Yesterday as I scrolled through my Facebook news feed, I noticed several “Me, Too” posts in response to the recent campaign to bring awareness to the prevalence of sexual harassment and sexual assault. One of the posts asked, “Why didn’t all these women speak out and share their stories sooner?”
That might be a fair question were it not for the fact that women and girls are systemically taught to stay silent.
I can only speak for myself. Frankly, it had never occurred to me to speak out until this campaign encouraged me to do so.
I might not have joined in at all if not for a coincidence. The day before I became aware of the “Me, Too” movement, I read the obituary of a man who had harassed me years ago. Reading of his passing reminded me of his behavior and of other incidents I have encountered over the years.
So why didn’t I share?
I learned from a very early age that speaking out would change little to nothing. When a little boy on the playground hits or teases a little girl, the girl’s complaints are met with, “Oh, it’s just his way of saying he likes you.” “Ignore him.” “Be a good sport.” “Laugh it off.”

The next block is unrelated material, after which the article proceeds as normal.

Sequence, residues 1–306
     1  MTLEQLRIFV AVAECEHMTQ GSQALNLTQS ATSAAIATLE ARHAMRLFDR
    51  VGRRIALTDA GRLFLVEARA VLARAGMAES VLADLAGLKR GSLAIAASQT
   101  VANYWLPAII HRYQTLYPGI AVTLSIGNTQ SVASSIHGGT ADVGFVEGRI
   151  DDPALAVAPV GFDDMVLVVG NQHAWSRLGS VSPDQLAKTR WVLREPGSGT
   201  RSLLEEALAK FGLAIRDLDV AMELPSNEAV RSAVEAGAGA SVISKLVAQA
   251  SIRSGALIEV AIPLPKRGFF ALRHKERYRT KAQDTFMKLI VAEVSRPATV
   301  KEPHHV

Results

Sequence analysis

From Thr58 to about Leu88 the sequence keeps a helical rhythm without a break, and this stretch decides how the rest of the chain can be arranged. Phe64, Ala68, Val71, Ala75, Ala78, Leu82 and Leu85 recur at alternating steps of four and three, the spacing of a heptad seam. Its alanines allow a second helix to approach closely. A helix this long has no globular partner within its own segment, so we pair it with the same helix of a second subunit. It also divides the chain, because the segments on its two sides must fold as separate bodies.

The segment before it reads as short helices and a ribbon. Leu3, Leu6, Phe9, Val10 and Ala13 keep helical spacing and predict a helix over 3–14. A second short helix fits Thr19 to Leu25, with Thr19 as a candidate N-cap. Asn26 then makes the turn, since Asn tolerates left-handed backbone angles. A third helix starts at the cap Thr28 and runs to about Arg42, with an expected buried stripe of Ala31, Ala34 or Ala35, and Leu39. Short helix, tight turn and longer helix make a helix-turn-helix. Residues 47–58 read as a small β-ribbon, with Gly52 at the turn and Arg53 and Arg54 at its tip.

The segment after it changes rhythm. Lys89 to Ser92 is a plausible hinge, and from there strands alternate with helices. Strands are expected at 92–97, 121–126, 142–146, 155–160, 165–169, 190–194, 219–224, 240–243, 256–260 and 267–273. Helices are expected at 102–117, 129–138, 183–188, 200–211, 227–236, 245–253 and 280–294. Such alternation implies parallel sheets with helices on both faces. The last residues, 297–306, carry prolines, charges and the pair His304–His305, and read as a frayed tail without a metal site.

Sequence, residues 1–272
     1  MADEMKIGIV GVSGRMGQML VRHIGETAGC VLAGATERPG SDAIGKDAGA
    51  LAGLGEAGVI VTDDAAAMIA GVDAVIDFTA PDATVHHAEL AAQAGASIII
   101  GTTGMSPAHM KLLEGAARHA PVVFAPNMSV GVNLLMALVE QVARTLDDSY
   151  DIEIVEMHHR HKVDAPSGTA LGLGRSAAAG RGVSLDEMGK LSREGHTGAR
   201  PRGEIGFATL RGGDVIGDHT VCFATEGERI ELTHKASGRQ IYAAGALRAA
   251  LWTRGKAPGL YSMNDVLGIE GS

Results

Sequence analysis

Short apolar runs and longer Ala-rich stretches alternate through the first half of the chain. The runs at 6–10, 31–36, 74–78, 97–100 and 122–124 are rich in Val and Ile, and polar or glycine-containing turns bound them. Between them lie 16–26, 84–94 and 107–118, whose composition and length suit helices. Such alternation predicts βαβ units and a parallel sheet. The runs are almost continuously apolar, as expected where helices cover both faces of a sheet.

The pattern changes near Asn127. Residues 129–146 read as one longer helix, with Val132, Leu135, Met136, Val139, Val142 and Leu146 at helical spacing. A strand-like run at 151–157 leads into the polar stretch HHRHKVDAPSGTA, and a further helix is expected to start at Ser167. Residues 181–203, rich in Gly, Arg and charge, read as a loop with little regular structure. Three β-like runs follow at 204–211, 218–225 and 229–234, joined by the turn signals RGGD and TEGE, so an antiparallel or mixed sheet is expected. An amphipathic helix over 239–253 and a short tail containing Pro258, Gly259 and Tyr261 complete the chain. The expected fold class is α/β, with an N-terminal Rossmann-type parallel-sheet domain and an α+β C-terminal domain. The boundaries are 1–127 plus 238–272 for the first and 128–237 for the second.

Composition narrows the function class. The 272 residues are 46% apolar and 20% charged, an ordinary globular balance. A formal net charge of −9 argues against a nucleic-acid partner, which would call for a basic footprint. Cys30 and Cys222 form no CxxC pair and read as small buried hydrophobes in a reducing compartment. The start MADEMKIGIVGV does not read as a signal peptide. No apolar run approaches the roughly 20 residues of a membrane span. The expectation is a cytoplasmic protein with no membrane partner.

Often the little boy in question is not asked to change his behavior. He might even be given a wink, an implicit “Attaboy!”
Little boys grow into bigger boys, and the behavior escalates. The girl is sometimes blamed. She continues to be told, “Get over it.”
The phrase “sexual harassment” was not part of my language when I was a young professional. I was simply a woman putting up with unwanted advances by the creepy guy who worked down the hall, “showing he liked me.” I brushed it off as I had been taught to do.
Women have always looked out for each other. We warn one another about the creepy guys. We tell friends to watch out for the date with “Roman hands and Russian fingers,” or the one who expects certain favors in exchange for dinner and a movie. We try to protect one another, but the behavior of the creepy guys continues.
I suspect that even in 2017, for every woman or man who speaks out about sexual harassment or assault, there are dozens who quietly suck it up, laugh it off, and try silently to “get over it.” They have many reasons to stay quiet, and should not be required to tell their stories; but they should certainly be believed and supported when they do so.